A Phase II Study of Avastin Plus Rituximab for Patients With Relapsed and Chemotherapy- or Rituxan-Refractory Aggressive B-Cell Non-Hodgkin's Lymphoma
Bevacizumab is a new research drug that may help to stop or slow the growth of blood vessels
in your tumor. These blood vessels are needed by the tumor to grow. Rituxan is a
commercially available drug that is commonly used to treat relapsed and refractory lymphoma.
Before treatment starts, you will be asked questions about your medical history and about
any surgeries you have had. You will have a complete physical exam including blood (around
3 tablespoons) and urine tests. You will have a sample of bone marrow collected to learn if
the lymphoma has spread to the bone marrow. To collect a bone marrow sample, an area of the
hip or chest bone is numbed with anesthetic and a small amount of bone marrow is withdrawn
through a large needle. You will have either a CT scan or a MRI of the neck, chest,
abdomen, and pelvis, and you will have a gallium or PET scan. You will be asked about any
medications that you are taking, including over-the-counter medications. Women who are able
to have children must have a negative blood pregnancy test.
Additional blood samples (2 tablespoons) will be collected from you before starting therapy
and every 2 months during this study for tests to help your doctors and researchers to learn
more about how Bevacizumab works.
During the study, you will be given a dose of rituximab by vein once a week for 8 weeks in a
row, and a dose of Bevacizumab every other week. The drugs will be contained in a bag and
will be given to you through a needle in one of your veins. This method of giving the drugs
is called an infusion. The infusion of Bevacizumab may take 1 to 2 hours, and the infusion
of rituximab may take up to 3 to 6 hours. This method of giving a drug is called an
infusion. In the first week, infusions of rituxan and Bevacizumab will be given on the same
During the infusion of each drug, you will have your vital signs checked often and you will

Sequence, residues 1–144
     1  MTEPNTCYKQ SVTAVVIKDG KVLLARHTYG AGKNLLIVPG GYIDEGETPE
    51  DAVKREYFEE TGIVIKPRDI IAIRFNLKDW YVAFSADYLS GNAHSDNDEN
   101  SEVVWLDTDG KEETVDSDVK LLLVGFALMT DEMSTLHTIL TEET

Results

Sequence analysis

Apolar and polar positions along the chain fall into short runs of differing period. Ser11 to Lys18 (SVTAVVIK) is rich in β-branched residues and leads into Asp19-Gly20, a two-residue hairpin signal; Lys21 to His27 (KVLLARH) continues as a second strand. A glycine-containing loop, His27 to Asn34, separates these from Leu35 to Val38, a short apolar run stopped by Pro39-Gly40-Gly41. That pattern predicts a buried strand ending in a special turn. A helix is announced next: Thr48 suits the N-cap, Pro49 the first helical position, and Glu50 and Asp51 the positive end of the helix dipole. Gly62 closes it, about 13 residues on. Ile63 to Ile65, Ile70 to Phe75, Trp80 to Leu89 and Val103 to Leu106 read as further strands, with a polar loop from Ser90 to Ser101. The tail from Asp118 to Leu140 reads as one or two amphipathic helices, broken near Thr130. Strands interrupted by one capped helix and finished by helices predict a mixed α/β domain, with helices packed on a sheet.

be watched for any side effects. If you experience side effects, the infusion may be slowed
down or stopped until the symptoms have gone away.
Within 2 weeks after your 8th dose of rituximab, (4th dose of Bevacizumab) you will have a
follow-up visit scheduled to evaluate the status of the disease. During the follow-up
visit, you will have a physical exam and blood (around 4 tablespoons) will be collected for
lab tests. You will have a CT scan or a MRI, gallium or PET scan, and bone marrow biopsy
(if needed). If the disease gets worse or you experience any intolerable side effects, you
will be taken off the study. If you are taken off the study or your doctor decides that you
should stop study treatment, you will be asked to return to M. D. Anderson for all of the
scheduled follow-up visits to check for long term side effects of the drug and to check on
the status of the disease.
If the disease remains stable or shrinks after 8 weeks of therapy, you may continue to
receive Bevacizumab treatments every 2 weeks for a maximum of a total of 6 months. Even if
the treatment is shown to be of benefit to you, your doctor may not continue to give you
additional treatments with Bevacizumab beyond the total of 6 months.
After treatment, you will have follow-up visits scheduled to check on the status of the
disease. These visits will be scheduled every 3 months for 1 year, then every 4 months for
1 more year, then every 6 months until the disease gets worse. During these visits, you
will have a physical exam, blood tests (around 2 tablespoons), and either a CT scan or a
MRI. You will also have a sample of bone marrow collected.
This is an investigational study. Bevacizumab has been authorized by the FDA for use in
research only. Rituximab is FDA approved and is commercially available. There will be no
cost for Bevacizumab or for any tests and procedures that are not considered part of
standard of care. Up to 40 patients will take part in this study. All patients will be
enrolled at M. D. Anderson.
Endpoint Classification: Safety/Efficacy Study, Intervention Model: Single Group Assignment, Masking: Open Label, Primary Purpose: Treatment
Number of Participants With Response (Complete Response or Progressive Disease)
Response criteria according to the International Working Group Recommendations for lymphoma where Complete Response (CR) defined as "complete disappearance" of clinically detectable disease and Progressive Disease defined by disease appearance by complete blood count (CBC), clinical and radiologic findings, and/or sizes of lymph nodes, spleen, and liver. Response measured from first documentation of response to first detection of progression.
After 8 weeks of therapy (4 doses of Avastin and 8 doses of Rituximab),
Barbara Pro, MD
M.D. Anderson Cancer Center
United States: Food and Drug Administration
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